Wednesday, March 18, 2009

Celeriac Attack!


I emerge from a week of deadline-induced hysteria to bring you this brief attack of celeriac. With the recent drain on my brain, this image seemed appropriate. I have been operating under conditions of limited time and unlimited panic of late, and Weird Veg again presented itself as my most fruitful form of procrastination (I trust you will pardon the seemingly incongruous adjective, but I take recourse to the fact that fruits are actually subsets of vegetables, as established in the lemon cucumber post).


Hanging from the sure grip of my roommate Rachel is a celeriac, also known in less exciting terms as celery root. She brought home this strange thing one day, looking for all the world like an explorer bearing a shrunken head she had plucked from the misty regions of the great beyond, but it had, in fact, come from S.F. Ferry Plaza farmers' market.

She put the root to work in a recipe for Celeriac and Mascarpone Purée culled from her cookbook that I've recently become quite taken with, Cooking Outside the Box: Easy, Seasonal, Organic: the Abel & Cole Cookbook which sounds a little generic until you realize that the box is a winking reference to the boxes of organic produce delivered to the homes of happy Londonite vegetable eaters by Abel & Cole, one of Britain's best-known CSA companies. Keith Abel, the main brain behind this book, loves root vegetables, as evidenced by his numerous impassioned endorsements of not just celeriac, but also swedes (the Brit term for turnips, and sometimes rutabagas, remember?). One of his recipes is called "Swedeaphobia Cure," which involves mashing swedes/neeps/turnips with cream, honey, ginger and nutmeg. He calls celeriac "another one of those great British vegetables that people avoid because they don't know quite what to do with it." There are a lot of great vegetable ideas in this book, which is helpfully divided by season, and has some really gorgeous matte color photos of produce and finished dishes.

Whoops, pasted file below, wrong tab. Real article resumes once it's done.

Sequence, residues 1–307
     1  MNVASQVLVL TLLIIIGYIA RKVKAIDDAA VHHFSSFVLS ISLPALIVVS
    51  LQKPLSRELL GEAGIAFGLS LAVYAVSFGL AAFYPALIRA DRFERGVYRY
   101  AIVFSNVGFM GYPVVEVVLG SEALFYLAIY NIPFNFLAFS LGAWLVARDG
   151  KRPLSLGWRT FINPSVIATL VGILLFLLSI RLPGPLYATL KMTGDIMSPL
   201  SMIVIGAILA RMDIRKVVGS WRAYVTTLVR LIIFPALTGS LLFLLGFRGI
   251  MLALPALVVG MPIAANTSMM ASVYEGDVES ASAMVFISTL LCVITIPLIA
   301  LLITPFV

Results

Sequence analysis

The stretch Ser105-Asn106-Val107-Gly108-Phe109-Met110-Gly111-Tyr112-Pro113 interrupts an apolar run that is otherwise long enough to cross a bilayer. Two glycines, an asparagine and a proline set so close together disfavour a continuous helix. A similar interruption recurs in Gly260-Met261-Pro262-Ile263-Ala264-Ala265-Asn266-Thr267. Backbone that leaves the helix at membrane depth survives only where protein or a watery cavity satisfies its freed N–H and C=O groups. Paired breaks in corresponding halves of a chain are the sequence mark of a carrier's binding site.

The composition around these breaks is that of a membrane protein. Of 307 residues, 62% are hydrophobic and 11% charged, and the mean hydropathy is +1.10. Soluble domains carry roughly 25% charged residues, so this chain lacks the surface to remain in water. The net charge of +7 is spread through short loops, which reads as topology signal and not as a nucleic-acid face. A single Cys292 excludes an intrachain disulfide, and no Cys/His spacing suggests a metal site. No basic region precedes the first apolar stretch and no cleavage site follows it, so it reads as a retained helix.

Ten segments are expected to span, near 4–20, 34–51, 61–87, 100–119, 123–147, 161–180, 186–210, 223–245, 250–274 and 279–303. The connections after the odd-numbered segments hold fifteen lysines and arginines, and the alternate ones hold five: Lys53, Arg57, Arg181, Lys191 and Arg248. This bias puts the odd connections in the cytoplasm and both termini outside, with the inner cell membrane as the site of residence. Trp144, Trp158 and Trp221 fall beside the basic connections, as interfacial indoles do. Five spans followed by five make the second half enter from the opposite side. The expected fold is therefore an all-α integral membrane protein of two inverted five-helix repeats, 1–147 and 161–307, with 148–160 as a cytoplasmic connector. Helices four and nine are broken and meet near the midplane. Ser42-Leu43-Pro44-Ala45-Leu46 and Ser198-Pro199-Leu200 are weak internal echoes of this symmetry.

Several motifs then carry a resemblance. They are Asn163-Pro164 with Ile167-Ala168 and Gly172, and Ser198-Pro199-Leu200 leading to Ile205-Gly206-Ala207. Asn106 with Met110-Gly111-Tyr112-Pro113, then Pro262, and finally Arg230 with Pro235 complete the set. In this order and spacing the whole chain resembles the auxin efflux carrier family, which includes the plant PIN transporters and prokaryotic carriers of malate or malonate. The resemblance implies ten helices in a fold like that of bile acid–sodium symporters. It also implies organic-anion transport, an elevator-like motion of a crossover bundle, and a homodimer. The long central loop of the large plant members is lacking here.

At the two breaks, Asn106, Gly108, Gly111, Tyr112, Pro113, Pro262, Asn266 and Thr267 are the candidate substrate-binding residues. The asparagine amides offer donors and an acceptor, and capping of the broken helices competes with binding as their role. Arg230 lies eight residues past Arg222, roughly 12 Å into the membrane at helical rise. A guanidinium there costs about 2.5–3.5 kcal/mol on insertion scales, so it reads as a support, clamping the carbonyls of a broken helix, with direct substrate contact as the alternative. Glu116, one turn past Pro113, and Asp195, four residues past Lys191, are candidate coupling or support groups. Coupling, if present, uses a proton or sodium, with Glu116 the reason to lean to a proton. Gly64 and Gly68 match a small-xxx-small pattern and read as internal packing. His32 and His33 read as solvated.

Here is the adapted recipe. I didn't get to try the final product, but Rachel reports that it was quite delicious, like potatoes but with a fresh dollop of celery taste.

Celeriac and Mascarpone Purée

1 celeriac, rough outer skin removed and diced into 1 in. cubes
2 garlic cloves, peeled
A knob of butter (yes a knob--part of this book's charm)
1/2 mug of mascarpone cheese
Salt and freshly ground pepper

Place diced celeriac and garlic cloves in a pot of salted water (to cover them) and simmer for about 15 minutes, until the celeriac is fork-tender. Drain, pop those guys back into the pot ("pop" is Abel, "those guys" is me) and move it around over low heat for a minute or so to remove some moisture. Then mash it all in the pot (or put it in a blender) to make a smoothish paste before folding through the butter and mascarpone. Season and serve.

Mm, this is making my brain hungry.

2 comments:

sanbei said...

ha we got this in our last csa box and it's still in our refrigerator. my roommate and i glanced at the celeriac then each other and decided that because of things like this, we should cancel the box and choose our own vegetables :)

kale daikon said...

Yes, I think csa's are a great option for busy people, but I personally prefer to choose my own veggies and be able to talk to farmers' market people for ideas on what to do with them. But now you *have* to make this puree and report back! When in doubt over what to do with a root vegetable, just treat it like a potato - mash, roast, soup it, however.